So this is it. Nearly a month of reading for you (and a weekend of writing for me, I knocked all these posts out at nearly the same time and just scheduled them to be one daily. There’s no telling what I have gotten up to while these were uploading themselves) and the climax to my comments on God or Godless? is the topic of abhorrent morality: God is an incompetent redeemer. Redemption, vicarious or otherwise, is a big part of the Christian narrative. Is God good at it?
The discussion never gets on to the following question, so I’ll leave it hanging here for anyone that want to comment but doesn’t know what to say: “Is it morally okay that I can throw responsibility for my wrongdoing onto the only innocent person ever to have lived and thus be absolved of my responsibility and reap the rewards as if I have lived a good life? Especially when a better person, who does not believe, will be punished infinitely (and therefore disproportionately) to their transgressions?”
In the Christian narrative, redemption depends on belief. Speaking more openly, it depends on worship; a belief in, but a disdain for, God would not save us. Ideas like this lead to some interesting arguments, which the atheist debater diligently presents:
- If there is a God, he is perfectly loving.
- If a perfectly loving God exists, reasonable nonbelief does not occur.
- Reasonable nonbelief occurs.
- No perfectly loving God exists (from 2 and 3).
- Hence, there is no God (from 1 and 4).
J. L. Schellenberg
The contested premise here is that of a loving God necessary doing away with reasonable non-belief. So let me say some words in support of it. Non-belief sends us to Hell, where we will suffer for eternity. If you love someone, who don’t want them to go there. Therefore, you would erase non-belief where the person is open to reason (unreasonable people cannot be swayed). Now I have put some flesh to the words “reasonable non-belief”, does it exist? My entire blog evinces that it does. I am reasoned in my critique.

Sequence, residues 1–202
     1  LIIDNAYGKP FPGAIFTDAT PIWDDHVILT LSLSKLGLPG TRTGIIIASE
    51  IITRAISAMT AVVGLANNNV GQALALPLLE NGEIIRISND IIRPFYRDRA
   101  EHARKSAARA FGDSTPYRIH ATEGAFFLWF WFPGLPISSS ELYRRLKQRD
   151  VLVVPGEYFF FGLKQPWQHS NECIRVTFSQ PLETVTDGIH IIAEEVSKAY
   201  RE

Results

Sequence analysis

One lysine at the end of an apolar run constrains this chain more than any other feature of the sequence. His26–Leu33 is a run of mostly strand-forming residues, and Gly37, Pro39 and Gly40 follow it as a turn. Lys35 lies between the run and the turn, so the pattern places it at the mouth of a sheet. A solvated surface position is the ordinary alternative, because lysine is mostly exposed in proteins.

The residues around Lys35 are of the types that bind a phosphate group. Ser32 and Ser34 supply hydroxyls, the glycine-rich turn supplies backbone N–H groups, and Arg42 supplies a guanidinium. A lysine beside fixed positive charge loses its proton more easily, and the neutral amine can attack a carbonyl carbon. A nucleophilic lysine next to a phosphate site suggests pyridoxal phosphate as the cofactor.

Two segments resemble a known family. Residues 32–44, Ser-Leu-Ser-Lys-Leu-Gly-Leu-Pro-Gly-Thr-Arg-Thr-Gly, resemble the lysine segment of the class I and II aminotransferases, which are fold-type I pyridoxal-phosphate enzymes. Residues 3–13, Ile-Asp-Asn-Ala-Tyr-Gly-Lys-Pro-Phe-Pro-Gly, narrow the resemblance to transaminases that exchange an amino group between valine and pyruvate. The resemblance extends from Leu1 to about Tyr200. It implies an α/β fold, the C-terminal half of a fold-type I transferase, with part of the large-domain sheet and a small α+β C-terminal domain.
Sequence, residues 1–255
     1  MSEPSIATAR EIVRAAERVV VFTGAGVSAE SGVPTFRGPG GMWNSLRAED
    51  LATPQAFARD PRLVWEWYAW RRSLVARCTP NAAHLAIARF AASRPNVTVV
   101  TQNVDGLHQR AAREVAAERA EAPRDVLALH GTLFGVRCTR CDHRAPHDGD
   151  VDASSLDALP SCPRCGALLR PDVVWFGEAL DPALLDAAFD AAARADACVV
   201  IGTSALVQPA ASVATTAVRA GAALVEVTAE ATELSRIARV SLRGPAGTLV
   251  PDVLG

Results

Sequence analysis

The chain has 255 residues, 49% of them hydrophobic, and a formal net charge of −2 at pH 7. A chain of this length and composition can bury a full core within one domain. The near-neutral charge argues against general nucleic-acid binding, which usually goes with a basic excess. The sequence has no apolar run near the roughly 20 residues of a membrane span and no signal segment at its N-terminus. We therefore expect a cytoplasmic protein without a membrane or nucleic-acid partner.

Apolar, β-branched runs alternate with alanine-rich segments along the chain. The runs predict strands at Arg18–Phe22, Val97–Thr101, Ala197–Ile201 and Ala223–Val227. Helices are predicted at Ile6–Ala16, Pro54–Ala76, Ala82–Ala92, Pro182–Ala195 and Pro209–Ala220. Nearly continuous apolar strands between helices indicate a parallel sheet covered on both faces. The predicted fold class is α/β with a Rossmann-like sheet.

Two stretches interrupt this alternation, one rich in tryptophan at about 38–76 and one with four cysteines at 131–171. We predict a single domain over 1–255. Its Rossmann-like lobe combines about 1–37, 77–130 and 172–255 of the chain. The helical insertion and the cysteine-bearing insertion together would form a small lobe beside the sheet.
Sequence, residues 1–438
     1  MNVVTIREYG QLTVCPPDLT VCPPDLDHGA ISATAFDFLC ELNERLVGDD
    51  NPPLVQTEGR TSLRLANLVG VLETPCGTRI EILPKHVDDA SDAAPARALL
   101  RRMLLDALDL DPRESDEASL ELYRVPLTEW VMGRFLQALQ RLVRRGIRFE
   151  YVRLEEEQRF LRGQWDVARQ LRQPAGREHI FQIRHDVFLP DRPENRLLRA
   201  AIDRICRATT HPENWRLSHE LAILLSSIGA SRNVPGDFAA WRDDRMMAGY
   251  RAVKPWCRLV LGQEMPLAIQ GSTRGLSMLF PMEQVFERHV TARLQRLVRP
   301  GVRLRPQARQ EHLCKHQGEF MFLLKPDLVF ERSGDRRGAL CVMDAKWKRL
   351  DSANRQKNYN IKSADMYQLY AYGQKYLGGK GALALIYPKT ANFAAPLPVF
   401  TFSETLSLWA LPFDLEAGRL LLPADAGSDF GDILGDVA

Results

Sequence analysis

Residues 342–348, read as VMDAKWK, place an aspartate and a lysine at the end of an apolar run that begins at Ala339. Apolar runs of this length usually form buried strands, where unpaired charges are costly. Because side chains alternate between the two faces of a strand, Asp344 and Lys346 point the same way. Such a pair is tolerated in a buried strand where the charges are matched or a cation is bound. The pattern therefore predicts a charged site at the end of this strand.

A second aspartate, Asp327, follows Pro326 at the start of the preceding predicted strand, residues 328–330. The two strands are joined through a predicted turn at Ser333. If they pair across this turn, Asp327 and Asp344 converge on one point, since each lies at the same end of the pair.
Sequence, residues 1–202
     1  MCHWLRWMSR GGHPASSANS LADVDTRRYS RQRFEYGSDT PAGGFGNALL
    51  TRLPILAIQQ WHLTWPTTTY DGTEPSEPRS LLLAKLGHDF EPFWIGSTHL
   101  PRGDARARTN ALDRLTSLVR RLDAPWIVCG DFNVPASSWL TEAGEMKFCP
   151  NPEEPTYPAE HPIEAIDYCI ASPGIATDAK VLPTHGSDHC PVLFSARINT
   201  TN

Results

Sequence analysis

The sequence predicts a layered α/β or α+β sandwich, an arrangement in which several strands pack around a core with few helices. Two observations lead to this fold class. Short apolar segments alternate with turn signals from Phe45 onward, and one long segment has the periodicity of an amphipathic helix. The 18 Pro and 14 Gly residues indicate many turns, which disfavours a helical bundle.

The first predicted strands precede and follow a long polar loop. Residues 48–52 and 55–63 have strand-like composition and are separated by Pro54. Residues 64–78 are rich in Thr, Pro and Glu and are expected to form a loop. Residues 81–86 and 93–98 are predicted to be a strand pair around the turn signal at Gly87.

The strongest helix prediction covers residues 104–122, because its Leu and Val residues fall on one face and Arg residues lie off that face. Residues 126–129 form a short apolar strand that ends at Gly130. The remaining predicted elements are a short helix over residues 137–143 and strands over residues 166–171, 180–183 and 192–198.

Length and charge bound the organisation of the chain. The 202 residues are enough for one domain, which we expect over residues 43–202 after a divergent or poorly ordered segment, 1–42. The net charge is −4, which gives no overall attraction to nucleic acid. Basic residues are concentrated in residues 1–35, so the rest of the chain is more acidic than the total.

There is an argument that a loving God would actually rather we were free agents than rather we were redeemed. We need to be allowed our freewill. Well, I’m not sure where my freewill was when it comes to other things I know: gravity and light etc. The evidence is literally overpoweringly ubiquitous. But, by my will, I also want to know true things. So if God were to implant the idea that He exists into my head by some form of personal revelation then that would be realising my will; if it is true, I want to know.
The Christian never really addresses this. Instead he used what the atheist called ‘The omniscience get-out clause’. Oh, it could be much more complicated than we could possibly imagine. But God gets it. It can be summarised, in that instance, as ‘I doubt Schellenberg’s second premise—If a perfectly loving God exists, reasonable nonbelief does not occur—because the non-belief of some people could be compatible with God’s long-term plans for redemption. Somehow. I dunno. Because I say so.’ Needless to say, I don’t agree. My salvation and my want to know true things depend on this, and God may just not want to. My personal cost will be eternal torture.